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A federal appeals court Thursday upheld one of two bans on enforcing President Donald Trump's executive order restricting travel from six predominately Muslim countries.
Axar.az reports citing NBCnews
The Fourth Circuit Court of Appeals, based in Richmond, Virginia, voted 10-3 to uphold a ruling by a federal judge in Maryland who declared in March that the president's revised travel order amounted to unconstitutional religious discrimination.
Campaign statements by Donald Trump, who originally called for a ban on Muslim immigration, "provide direct, specific evidence" of what motivated his executive orders, "President Trump's desire to excluse Muslims from the United States," the appeals court said.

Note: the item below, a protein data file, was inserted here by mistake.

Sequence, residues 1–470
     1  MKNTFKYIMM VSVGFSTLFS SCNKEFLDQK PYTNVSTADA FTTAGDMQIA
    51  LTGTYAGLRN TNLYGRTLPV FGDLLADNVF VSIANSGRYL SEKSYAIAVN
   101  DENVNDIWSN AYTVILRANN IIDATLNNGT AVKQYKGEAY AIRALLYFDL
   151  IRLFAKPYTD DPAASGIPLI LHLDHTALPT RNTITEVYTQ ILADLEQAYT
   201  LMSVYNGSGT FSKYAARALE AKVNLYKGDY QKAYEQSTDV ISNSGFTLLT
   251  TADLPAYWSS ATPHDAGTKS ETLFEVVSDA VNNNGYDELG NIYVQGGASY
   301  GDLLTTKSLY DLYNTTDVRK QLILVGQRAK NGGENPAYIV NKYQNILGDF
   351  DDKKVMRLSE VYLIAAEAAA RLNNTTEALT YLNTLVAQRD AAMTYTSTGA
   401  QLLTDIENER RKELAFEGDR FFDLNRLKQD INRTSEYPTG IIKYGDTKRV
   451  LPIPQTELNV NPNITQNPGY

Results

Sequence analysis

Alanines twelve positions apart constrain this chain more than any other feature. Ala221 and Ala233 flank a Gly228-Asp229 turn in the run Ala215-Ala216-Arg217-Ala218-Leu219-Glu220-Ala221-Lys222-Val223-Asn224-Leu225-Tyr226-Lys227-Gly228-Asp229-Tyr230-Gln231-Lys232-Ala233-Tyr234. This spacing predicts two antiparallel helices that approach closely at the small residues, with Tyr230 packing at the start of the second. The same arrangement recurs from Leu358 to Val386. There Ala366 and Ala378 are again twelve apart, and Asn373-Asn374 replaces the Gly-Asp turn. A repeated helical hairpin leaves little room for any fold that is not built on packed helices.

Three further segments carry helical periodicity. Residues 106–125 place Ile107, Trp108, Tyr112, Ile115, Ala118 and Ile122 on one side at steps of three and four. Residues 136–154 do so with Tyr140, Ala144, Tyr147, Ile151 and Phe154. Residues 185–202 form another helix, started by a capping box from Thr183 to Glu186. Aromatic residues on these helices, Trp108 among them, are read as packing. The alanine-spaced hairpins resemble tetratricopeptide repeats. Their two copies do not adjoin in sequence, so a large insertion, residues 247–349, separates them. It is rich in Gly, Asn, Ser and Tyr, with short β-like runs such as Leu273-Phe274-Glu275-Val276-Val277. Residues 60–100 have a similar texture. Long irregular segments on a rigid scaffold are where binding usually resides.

The Justice Department had urged the court to lift the ban on enforcement. It said the executive order had a legitimate national security purpose, allowing the government to assess the reliability of background information on visa applicants from six countries associated with terrorism.
After President Trump's first executive order was blocked in court, the president signed the second one, imposing a 90-day ban on travel from Iran, Sudan, Syria, Libya, Somalia, and Yemen. In addition to the Maryland judge's ruling, the subject of Thursday's appeals court ruling, the executive order was also blocked by a judge in Hawaii.
The Ninth Circuit Court of Appeals heard oral arguments May 15 on the government's efforts to lift that stay.
Both appeals courts would have had to rule in the administration's favor to allow enforcement of the revised executive order. An appeal to the US Supreme Court seems certain, but it is unlikely the justices would hear the case before the fall.
The American Civil Liberties Union, which is representing a group of refugee aid organizations and Muslim residents whose overseas relatives are seeking visas, declared victory on Twitter after the announcement, saying, "We won in 4th circuit Muslim ban case!"
2017.05.25 / 23:32